The Deyo House
In the early 1700s, Pierre Deyo began building a modest stone house for his family. Over time, what started as a one-room house was expanded to three rooms. The garret was outfitted as bedrooms and the house evolved into a charming farmhouse with simple Greek Revival details. Around the house, paddocks kept livestock close.
Circumstances changed dramatically in the 1890s, when Abraham Deyo Brodhead and his wife Gertrude Deyo Brodhead used their newly-found wealth to transform their family's ancestral home into a Colonial Revival showpiece. All evidence of the modest farmhouse and paddocks disappeared. Just the walls of two rooms of the old house remained and incorporated into a modern Queen Anne manse. Landscaped grounds complemented the stunning new house.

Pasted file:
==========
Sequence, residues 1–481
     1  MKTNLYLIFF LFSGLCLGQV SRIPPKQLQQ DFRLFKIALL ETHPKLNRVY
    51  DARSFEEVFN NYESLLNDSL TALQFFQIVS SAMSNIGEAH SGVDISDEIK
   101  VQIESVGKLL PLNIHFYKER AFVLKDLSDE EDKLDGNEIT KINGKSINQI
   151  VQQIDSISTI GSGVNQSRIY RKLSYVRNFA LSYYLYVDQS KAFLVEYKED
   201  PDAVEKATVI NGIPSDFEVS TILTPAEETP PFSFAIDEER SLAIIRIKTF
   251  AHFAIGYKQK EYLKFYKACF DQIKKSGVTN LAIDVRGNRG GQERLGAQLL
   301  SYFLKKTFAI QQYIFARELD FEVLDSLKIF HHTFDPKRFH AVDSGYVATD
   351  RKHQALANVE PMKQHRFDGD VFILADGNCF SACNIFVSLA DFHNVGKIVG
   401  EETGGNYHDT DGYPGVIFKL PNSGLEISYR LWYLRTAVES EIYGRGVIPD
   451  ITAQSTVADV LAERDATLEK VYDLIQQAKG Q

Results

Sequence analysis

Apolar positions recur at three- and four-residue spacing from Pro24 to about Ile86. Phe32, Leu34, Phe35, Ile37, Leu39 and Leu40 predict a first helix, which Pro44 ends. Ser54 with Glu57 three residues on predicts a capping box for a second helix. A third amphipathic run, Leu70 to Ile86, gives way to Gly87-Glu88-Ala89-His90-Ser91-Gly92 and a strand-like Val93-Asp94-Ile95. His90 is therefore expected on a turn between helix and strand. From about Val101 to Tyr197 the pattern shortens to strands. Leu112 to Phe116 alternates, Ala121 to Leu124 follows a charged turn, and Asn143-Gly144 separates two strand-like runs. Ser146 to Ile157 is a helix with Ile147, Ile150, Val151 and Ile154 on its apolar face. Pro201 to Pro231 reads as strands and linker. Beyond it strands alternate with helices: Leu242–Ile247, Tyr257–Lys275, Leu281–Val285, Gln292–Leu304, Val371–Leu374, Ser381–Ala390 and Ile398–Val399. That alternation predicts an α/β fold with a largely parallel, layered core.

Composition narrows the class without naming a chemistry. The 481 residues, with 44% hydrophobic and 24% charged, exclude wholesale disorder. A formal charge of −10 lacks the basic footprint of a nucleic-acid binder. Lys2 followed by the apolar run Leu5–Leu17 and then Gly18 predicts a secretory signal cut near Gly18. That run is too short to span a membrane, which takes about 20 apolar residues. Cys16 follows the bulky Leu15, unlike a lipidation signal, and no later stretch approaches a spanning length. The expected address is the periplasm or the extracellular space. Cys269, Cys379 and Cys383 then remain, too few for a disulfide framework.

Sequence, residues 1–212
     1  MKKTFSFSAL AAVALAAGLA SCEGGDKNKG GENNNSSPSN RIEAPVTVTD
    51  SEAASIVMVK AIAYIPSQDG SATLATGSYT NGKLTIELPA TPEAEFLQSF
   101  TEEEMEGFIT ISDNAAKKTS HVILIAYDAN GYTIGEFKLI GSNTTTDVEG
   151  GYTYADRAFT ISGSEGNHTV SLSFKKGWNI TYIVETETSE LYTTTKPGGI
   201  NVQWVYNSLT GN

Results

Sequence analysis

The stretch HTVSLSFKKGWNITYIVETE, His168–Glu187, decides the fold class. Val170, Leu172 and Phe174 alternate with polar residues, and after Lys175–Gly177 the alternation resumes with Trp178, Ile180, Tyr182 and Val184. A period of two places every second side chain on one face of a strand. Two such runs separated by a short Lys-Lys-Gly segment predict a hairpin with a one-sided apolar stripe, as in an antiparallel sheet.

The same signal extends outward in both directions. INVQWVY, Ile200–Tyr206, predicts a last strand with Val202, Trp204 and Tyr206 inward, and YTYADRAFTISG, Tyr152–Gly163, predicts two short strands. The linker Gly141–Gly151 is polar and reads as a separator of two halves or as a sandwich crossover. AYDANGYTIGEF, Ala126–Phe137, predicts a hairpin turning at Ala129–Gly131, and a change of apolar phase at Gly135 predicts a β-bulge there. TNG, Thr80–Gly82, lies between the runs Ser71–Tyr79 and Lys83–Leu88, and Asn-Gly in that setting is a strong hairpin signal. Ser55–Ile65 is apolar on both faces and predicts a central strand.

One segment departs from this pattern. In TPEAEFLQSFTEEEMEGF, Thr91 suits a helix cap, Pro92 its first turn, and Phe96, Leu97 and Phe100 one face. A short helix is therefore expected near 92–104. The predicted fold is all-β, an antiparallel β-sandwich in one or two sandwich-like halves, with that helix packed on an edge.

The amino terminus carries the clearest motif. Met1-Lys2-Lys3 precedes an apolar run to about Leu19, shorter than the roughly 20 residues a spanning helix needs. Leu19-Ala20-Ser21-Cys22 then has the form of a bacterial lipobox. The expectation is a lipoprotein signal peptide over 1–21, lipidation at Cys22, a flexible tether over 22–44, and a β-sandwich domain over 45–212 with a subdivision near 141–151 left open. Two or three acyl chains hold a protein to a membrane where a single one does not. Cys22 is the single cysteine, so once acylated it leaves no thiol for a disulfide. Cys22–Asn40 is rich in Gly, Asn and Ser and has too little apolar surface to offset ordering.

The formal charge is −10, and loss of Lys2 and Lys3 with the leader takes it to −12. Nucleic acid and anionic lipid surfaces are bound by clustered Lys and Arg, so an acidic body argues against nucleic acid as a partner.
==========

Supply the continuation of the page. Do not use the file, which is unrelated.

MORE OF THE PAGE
All of this occurred during as immigration and technology were rapidly changing the country and small towns such as New Paltz. One of the results was a heightened interest in ancestry.
The changes to the Deyo House did not go unnoticed. Newspapers were critical of the destruction of a colonial "relic" and urged residents to organize in order to prevent this fate for any of the other stone houses. This outcry led to the creation of the Huguenot Patriotic, Memorial and Historical Society — the beginning of a preservation movement that continues today.
With the support of the Deyo Family Association and the community, Gertrude and Abe's grand home is restored and open to the public.